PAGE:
One of the common assumptions about the law of Moses is that it is our tutor or schoolmaster. That is, the law leads us to Christ. For this reason, it remains useful to us. In Galatians 3, Paul explains the temporary nature of the law, and contrasts it with the promise to Abraham. The promise given to Abraham was by faith, and came prior to the law, by 430 years. But the natural question in the minds of the Galatians may be, “Why then the law?” If the law is inferior to promise and is temporary, why did God give it? Paul answers, “the law was our guardian until Christ came.” The word rendered guardian here in the ESV is translated as schoolmaster in the KJV. No doubt this translation led some to believe that the law was a teacher, one who in fact led us to Christ. But that translation is deficient, and masks something of Paul’s meaning. The word is paidagogos, (pedagogue.) In the ancient world, the pedagogue was one who had charge of the underage heir, and the responsibility to keep them out of trouble. But the pedagogue was not a kind teacher.
“These pedagogues had the bad image of being rude, rough, and good for no other business . . . the figure of the pedagogue is looked upon as a hard but necessary instrument in bringing a person to achieve and realize virtue.” “Their name, consequently, had a stigma attached to it.” If the law performs a function of training, or of leading one to Christ, why would Paul speak negatively about it, using the words “imprisoned” and “captive”? Louis Martyn likewise doubts Paul’s intention to present the law as our teacher. The law “is not a pedagogical guide, but an imprisoning warden,” he says, in that “six of the ten times Paul refers to humans being ‘under the power of’ the paidagogos, he identifies that enslaving power as the Law.” Moreover, if the law had such a teaching function, Paul would not have considered it limited to a certain time in history. Das puts it this way: “If the pedagogue were fulfilling a positive educational function in leading people to Christ, it would be unclear why Paul would consider the pedagogy to have ended with Christ’s coming.”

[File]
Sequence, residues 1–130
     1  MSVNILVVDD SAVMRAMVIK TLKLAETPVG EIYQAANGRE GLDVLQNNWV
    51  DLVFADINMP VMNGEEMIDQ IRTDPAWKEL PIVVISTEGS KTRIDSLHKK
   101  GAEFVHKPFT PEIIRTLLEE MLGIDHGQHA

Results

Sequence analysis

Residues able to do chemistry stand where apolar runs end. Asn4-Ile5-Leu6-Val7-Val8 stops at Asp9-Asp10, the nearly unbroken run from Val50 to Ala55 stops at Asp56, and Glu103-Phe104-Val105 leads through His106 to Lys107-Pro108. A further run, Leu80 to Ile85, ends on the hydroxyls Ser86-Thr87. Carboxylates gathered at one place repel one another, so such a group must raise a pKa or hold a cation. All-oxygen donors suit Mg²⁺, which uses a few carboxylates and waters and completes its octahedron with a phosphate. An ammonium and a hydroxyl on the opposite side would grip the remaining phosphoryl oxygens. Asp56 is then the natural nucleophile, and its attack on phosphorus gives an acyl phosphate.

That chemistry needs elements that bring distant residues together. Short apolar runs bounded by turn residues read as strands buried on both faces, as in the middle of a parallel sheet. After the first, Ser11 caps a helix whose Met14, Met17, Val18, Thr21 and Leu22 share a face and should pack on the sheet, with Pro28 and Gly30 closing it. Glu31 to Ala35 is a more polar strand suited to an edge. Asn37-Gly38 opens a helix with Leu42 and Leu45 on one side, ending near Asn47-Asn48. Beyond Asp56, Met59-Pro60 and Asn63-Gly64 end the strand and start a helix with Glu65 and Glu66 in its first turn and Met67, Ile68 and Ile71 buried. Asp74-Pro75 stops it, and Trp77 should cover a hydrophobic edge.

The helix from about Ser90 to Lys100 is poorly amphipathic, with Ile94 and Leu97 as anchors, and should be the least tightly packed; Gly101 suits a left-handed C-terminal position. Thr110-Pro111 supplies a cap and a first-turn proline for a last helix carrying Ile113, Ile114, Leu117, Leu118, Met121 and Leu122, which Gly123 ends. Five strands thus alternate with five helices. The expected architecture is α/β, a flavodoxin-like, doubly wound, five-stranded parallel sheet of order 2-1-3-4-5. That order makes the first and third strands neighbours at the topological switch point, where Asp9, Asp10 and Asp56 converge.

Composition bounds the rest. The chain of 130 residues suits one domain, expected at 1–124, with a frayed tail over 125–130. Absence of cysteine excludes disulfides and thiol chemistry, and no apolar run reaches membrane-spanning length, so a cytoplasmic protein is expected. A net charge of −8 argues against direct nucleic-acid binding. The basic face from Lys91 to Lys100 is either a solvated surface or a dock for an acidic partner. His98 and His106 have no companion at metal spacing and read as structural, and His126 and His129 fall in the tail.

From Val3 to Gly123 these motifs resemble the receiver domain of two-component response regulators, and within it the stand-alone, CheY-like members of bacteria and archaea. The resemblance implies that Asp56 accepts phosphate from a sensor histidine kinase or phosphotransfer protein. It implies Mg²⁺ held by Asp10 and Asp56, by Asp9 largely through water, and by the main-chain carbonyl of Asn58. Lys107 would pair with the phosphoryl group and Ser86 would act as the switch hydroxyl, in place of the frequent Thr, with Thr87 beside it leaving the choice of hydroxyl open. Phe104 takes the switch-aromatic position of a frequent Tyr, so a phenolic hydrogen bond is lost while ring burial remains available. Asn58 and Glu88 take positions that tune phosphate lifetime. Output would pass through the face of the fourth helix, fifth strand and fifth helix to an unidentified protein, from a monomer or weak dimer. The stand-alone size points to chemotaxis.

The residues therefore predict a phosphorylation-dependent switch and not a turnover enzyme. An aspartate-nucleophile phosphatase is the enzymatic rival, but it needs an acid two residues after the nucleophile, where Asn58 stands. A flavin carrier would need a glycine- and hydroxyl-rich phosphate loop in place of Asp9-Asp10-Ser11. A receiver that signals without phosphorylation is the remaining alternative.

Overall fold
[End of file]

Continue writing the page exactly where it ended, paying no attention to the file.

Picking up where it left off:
Paul says that the law was added because of transgressions. Does this mean it helps to control sin? Such a view is inconsistent with Paul’s other pronouncement on the purpose of law. In Romans 5:20, he is even more explicit. “the law came in to increase the trespass.” Given what the apostle says in both Romans and Galatians, we cannot say that the law is our tutor to lead us to Christ. While Paul always says the law is good, he also says that we are not. Our flesh never responds positively to it. The images of imprisonment and captivity that Paul uses in Galatians 3 reinforce the fact that the law was temporary in purpose, and only until Christ came. The law was not contrary to God’s purpose, but neither is it necessary now that Christ and faith in him have come. What the law teaches is the knowledge of sin. To walk worthily in Christ, the law is not our teacher. The spirit-enabled believer walks by faith, and as Paul has said at the earlier in the chapter, “The law is not of faith.”For a fuller discussion, see If One Uses It Lawfully: The Law of Moses and the Christian Life.
 Hans Dieter Betz, Galatians: A Commentary on Paul’s letter to the churches in Galatia (Philadelphia, Fortress Press, 1979), 177.
 Herman Ridderbos, The Epistle of Paul to the Churches of Galatia (Grand Rapids, Wm. B. Eerdmans, 1953), 146.
 J. Louis Martyn Galatians (New York, Doubleday, 1997), 363.
 A. Andrew Das, Galatians (St. Louis, Concordia Publishing House, 2014), 375.